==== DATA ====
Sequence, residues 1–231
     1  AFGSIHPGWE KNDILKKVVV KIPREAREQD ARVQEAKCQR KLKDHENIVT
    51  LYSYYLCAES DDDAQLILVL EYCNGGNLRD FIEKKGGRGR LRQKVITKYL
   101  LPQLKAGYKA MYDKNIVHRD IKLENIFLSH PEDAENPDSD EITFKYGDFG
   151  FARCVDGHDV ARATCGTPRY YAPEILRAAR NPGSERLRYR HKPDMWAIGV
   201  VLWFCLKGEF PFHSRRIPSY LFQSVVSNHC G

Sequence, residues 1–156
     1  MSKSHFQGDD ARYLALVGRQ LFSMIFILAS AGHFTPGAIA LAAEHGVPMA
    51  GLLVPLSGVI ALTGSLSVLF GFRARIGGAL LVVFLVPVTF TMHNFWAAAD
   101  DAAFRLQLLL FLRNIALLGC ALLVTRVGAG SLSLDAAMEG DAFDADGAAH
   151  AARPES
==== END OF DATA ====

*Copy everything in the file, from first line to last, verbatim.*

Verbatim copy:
Sequence, residues 1–231
     1  AFGSIHPGWE KNDILKKVVV KIPREAREQD ARVQEAKCQR KLKDHENIVT
    51  LYSYYLCAES DDDAQLILVL EYCNGGNLRD FIEKKGGRGR LRQKVITKYL
   101  LPQLKAGYKA MYDKNIVHRD IKLENIFLSH PEDAENPDSD EITFKYGDFG
   151  FARCVDGHDV ARATCGTPRY YAPEILRAAR NPGSERLRYR HKPDMWAIGV
   201  VLWFCLKGEF PFHSRRIPSY LFQSVVSNHC G

Sequence, residues 1–156
     1  MSKSHFQGDD ARYLALVGRQ LFSMIFILAS AGHFTPGAIA LAAEHGVPMA
    51  GLLVPLSGVI ALTGSLSVLF GFRARIGGAL LVVFLVPVTF TMHNFWAAAD
   101  DAAFRLQLLL FLRNIALLGC ALLVTRVGAG SLSLDAAMEG DAFDADGAAH
   151  AARPES